Then it dawned on me: why does there need to be a separation? Why can’t I be mindful, right here, right now, as I work?
No rigid routine, no prescribed “do this, then that.” Just breathing, in this moment, as I move through my day. Considering in real time what I need and, more importantly, how I can go about it in a way that feels calm, grounded, and mindful.
This is distinctly different from the compartmentalization that “work culture” has insisted upon. That separation comes from the expectation that we leave our personal lives at the door when we walk into the office. At work, we should be focused on work, we’re told—not on home, not on family, not on self. It’s led me to believe that my self-care has to start and end before I open my computer and wiggle the trackpad awake.
At the same time, there’s a perception that sitting down to your computer outside of “normal” business hours makes you a workaholic. If you start ticking off tasks first thing in the morning, or complete a project after dinner, you have no boundaries. You don’t make time for yourself.
That perception has handcuffed me. It’s made me judge myself for listening to my instincts to find a healthy work-life integration.
When I’ve been able to move past that judgment, I’ve found that I’d much rather break up my time working across the entirety of the day, making space between projects to take Moon for a walk, prepare a meal, move my body, talk to my partner, do laundry. For me, mindful work doesn’t look like sitting down for one long chunk of time, abiding by the exact hours the industrial revolution determined over 200 years ago. It looks like bending my working hours to be exactly what I need.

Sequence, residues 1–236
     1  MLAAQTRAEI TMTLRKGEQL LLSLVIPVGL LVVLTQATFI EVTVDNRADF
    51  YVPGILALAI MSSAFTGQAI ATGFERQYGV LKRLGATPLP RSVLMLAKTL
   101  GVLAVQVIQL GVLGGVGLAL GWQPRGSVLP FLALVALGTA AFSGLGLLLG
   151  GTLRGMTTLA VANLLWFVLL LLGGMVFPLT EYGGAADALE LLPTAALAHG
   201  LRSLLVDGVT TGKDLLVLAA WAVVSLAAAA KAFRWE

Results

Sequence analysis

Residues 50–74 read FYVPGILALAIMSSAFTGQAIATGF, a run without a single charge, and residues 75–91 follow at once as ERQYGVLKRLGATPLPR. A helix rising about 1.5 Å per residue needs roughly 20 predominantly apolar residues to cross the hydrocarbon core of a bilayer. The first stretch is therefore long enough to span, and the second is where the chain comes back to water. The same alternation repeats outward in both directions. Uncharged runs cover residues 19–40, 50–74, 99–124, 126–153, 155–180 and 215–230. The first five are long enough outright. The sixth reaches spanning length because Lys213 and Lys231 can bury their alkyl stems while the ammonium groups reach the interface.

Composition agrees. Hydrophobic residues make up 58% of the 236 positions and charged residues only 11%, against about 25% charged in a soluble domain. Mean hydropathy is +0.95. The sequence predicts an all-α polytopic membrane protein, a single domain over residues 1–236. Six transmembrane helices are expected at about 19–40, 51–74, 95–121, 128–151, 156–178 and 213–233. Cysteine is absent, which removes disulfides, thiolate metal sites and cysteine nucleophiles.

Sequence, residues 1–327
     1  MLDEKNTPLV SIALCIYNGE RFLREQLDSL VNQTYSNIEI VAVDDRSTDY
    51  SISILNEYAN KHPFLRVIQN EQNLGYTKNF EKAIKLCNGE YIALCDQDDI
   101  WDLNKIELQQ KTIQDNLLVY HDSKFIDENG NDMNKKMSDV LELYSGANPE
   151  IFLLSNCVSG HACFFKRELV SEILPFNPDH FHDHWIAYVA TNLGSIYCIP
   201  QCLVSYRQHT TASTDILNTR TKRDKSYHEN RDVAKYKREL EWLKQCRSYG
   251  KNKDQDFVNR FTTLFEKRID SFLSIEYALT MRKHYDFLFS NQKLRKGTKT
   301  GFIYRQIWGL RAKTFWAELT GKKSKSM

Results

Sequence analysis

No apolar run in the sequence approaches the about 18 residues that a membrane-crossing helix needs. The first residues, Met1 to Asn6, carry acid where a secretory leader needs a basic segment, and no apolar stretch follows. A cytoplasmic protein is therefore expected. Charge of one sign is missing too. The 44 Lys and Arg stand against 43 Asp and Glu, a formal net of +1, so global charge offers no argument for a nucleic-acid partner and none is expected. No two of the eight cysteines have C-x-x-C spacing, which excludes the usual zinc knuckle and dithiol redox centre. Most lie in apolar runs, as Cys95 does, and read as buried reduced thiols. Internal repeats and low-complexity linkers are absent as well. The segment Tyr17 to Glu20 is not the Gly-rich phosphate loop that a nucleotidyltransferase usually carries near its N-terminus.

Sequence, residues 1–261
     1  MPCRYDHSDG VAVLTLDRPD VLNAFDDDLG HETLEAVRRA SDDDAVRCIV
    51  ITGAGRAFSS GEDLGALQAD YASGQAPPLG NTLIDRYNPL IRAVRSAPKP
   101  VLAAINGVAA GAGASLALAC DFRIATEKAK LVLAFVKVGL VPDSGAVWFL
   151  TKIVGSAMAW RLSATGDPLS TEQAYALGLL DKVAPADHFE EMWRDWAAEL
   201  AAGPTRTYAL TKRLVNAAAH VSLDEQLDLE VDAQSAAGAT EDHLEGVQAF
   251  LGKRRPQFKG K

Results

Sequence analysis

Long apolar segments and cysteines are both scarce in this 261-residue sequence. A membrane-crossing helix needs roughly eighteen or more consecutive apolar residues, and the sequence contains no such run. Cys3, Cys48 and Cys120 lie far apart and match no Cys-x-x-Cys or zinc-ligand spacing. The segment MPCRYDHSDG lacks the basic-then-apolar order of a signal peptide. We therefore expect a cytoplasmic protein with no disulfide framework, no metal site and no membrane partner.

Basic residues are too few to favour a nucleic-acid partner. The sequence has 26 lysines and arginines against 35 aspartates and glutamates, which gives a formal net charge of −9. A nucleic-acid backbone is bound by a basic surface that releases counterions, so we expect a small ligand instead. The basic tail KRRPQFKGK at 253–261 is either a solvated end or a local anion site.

I think we can take the same integrated approach with self-care. Maybe our mindfulness practices don’t have to happen exclusively before work. Why not during? Why not inside of?
Yes, there are personal-professional boundaries, and yes, many self-care practices are best done when we’re focused fully on the task at hand (i.e., meditation). But what about honoring the personal inside of the professional? What would change if we all approached our work day today as if it was a self-care day?
This morning, after asking myself these questions, I decided to try it out. I carried my breakfast outside and cranked open the umbrella over the patio table. Moths fluttered out, their safe dark hideout suddenly exposed. I set down my computer, my mug, and my pot of tea. Behind my chair, Moon kicked back the top layer of wood chips in search of a cooler bed. I opened my computer, and I took a breath. When I lifted my gaze from the screen, I saw dandelion seeds being carried on the wind and chattering birds hopping in the branches of my neighbor’s elm. I watched dragonflies hover and saw bees sipping drops of water from the lettuce leaves of our garden bed.
This is self-care, and it’s my office. If I'm able to call it both, why should it matter which one I approach first?